Australian Disability Discrimination Act 1992

Get an overview of what the Australian Disability Discrimination Act (DDA) 1992 means for web accessibility and learn what you need to do to become compliant.

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What is the Australian Disability Discrimination Act (DDA)?

The Australian Disability Discrimination Act 1992 (DDA) protects people with disabilities against discrimination across different areas of public life, including employment, education, provision and use of services, public space access, activities in clubs and associations, sports, the purchase or renting of accommodation, and administration of Commonwealth Government laws and programs. It is the leading legislation in Australia protecting people with disabilities and promoting accessibility and equality for people with disabilities.

Who does the DDA protect?

The DDA protects people with disabilities including people with permanent disabilities like physical, intellectual, sensory, neurological, learning and psychosocial disabilities, or temporary disabilities like medical conditions, illnesses or injury. The law covers disabilities in the past, present and ones that may be incurred in the future, as well as assumed disabilities. It also protects people who are personally connected or affected by people with disabilities, like a parent, friend, child, or coworker, if they are somehow discriminated against based on their relationship to the person with a disability.

The DDA also protects against discrimination and harassment of people because of the following factors:

  • They are accompanied by an assistant, carer, interpreter, or reader
  • They require the presence of a trained assistance animal, such as a guide or hearing dog
  • They use equipment or aids, such as a wheelchair, canes, or a hearing aid

Who has to comply with the Disability Discrimination Act?

The DDA applies to all persons and institutions working in the following areas:

  • Employment
  • Education
  • Access to premises used by the public
  • Provision of goods, services and facilities
  • Accommodation
  • Buying land
  • Activities of clubs and associations
  • Sport
  • Administration of Commonwealth Government laws and programs

How does the DDA apply to web accessibility?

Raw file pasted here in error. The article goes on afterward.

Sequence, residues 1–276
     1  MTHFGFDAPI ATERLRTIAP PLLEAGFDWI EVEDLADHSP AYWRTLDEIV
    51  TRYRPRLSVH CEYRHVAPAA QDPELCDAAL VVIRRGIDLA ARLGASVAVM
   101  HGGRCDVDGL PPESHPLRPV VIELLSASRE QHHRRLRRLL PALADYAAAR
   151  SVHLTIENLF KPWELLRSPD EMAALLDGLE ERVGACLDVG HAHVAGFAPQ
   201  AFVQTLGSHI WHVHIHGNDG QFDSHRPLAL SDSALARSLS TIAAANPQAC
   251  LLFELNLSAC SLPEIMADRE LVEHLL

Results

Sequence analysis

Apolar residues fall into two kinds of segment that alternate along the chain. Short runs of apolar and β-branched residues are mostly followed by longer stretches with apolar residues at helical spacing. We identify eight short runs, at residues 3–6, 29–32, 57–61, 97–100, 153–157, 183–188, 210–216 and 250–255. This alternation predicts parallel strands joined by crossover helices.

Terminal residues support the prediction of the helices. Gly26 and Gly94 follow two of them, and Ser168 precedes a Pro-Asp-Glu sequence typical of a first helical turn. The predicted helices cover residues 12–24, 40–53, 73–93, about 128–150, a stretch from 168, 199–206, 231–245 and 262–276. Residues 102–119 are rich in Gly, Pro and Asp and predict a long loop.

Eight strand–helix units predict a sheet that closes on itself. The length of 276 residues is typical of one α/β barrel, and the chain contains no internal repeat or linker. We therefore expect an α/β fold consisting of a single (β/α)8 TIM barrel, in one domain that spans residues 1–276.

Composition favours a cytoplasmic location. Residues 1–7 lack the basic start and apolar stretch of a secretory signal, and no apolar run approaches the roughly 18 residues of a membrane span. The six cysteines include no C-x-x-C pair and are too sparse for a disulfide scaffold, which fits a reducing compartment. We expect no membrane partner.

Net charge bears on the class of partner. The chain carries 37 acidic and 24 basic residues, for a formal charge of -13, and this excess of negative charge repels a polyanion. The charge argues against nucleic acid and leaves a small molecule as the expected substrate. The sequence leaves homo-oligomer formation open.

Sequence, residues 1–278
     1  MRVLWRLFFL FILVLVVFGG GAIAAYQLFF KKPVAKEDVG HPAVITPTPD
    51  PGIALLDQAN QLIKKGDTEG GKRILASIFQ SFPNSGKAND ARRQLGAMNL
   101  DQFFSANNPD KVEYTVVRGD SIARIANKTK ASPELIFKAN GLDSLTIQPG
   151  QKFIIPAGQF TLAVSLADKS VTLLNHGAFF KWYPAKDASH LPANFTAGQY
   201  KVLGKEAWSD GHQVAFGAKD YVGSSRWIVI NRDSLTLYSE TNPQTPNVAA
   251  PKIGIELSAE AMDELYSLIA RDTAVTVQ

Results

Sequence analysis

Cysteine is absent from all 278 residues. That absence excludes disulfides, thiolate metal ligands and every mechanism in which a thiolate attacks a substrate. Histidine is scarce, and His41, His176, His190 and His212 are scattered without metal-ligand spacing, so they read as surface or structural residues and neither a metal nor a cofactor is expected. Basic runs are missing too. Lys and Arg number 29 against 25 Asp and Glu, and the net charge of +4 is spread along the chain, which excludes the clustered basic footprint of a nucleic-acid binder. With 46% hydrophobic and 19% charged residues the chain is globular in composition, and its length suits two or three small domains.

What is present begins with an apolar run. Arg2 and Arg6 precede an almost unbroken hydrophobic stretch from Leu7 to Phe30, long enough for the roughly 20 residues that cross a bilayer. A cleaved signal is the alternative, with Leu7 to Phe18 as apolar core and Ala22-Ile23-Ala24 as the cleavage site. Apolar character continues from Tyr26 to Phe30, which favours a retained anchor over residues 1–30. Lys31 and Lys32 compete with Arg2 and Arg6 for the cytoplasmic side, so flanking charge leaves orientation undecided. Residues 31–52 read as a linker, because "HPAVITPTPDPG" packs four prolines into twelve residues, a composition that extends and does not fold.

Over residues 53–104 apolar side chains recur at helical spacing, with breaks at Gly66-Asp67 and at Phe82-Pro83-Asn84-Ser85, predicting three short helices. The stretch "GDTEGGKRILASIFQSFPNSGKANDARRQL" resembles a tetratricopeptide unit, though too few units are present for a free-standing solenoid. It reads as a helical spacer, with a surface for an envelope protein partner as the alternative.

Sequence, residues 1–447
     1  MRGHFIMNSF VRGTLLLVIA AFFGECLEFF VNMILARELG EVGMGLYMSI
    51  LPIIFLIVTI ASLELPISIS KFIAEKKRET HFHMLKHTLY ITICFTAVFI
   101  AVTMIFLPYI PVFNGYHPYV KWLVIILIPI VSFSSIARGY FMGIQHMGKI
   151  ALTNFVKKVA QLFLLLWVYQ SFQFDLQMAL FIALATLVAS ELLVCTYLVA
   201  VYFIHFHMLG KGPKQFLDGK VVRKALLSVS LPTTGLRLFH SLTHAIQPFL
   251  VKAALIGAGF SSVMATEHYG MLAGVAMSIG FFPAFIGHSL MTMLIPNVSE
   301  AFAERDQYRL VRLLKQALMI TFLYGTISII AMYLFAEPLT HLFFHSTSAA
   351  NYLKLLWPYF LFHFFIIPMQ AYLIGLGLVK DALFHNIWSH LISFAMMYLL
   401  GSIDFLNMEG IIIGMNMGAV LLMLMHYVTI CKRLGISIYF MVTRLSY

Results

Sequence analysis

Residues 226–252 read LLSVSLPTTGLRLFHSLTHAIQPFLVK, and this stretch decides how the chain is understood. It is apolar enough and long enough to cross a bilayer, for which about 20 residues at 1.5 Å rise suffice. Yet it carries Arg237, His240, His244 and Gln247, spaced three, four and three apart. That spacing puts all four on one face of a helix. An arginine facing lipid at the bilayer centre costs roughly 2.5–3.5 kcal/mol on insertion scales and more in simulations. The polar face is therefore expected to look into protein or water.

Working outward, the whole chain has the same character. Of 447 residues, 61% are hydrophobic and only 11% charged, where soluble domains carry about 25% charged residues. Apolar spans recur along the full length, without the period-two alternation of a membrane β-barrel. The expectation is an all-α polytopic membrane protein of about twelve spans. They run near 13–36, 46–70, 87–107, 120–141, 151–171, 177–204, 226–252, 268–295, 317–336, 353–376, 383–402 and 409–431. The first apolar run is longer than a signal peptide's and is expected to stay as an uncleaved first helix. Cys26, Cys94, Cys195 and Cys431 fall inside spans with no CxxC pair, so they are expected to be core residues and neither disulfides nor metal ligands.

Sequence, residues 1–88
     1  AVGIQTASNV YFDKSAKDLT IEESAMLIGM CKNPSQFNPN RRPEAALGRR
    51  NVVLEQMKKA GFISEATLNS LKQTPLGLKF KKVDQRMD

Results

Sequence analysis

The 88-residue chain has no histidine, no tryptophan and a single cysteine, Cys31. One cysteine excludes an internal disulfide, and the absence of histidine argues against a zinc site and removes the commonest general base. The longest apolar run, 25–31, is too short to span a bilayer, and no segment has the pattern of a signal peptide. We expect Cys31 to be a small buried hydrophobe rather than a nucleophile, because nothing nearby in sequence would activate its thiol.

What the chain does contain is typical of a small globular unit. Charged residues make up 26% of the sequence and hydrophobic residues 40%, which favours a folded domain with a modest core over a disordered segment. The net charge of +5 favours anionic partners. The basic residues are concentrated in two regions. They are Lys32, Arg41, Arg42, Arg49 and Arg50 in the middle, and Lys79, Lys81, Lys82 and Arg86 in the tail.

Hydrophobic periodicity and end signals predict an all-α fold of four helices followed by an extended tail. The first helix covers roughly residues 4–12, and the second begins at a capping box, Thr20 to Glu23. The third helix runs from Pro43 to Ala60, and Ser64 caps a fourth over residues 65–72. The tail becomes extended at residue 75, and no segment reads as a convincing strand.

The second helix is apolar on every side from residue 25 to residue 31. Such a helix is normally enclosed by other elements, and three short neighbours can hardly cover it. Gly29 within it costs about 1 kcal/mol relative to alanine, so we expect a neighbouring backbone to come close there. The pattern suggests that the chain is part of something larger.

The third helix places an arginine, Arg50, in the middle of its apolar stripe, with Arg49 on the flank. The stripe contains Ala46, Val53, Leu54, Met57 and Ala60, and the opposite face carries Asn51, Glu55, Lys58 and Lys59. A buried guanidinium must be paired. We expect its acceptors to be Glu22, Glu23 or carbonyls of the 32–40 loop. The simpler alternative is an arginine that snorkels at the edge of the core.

Under the DDA legislation, the provision of information and online services through the web is a fundamental human right and a legal requirement. Individuals and organizations that own or develop a website must provide equal access to people with disabilities in this area where it can be reasonably provided.

This includes websites and other web resources, like PDFs and documents, that are involved in:

  • Employment
  • Education
  • Provision of services including professional services, banking, insurance or financial services, entertainment or recreation, telecommunications services, public transport services, or government services (including federal, state, and local government councils, departments, and agencies)
  • Sale or rental of real estate
  • Sport
  • Activities of voluntary associations
  • Administration of Commonwealth laws and programs

Web accessibility guidance is provided by the document: World Wide Web Access: Disability Discrimination Act Advisory Notes (current version, 4.1). The advisory notes are not legal requirements but are more guidelines to assist individuals and organizations that own or develop web resources in the requirements of the DDA. While not having a legal force, this document is still used by the Australian Human Rights Commission as a reference when dealing with any DDA complaints filed.EN 301 549 also specifies the functional accessibility requirements for ICT products and services, including web content, which could be used in public procurement or to support other policies and legislation.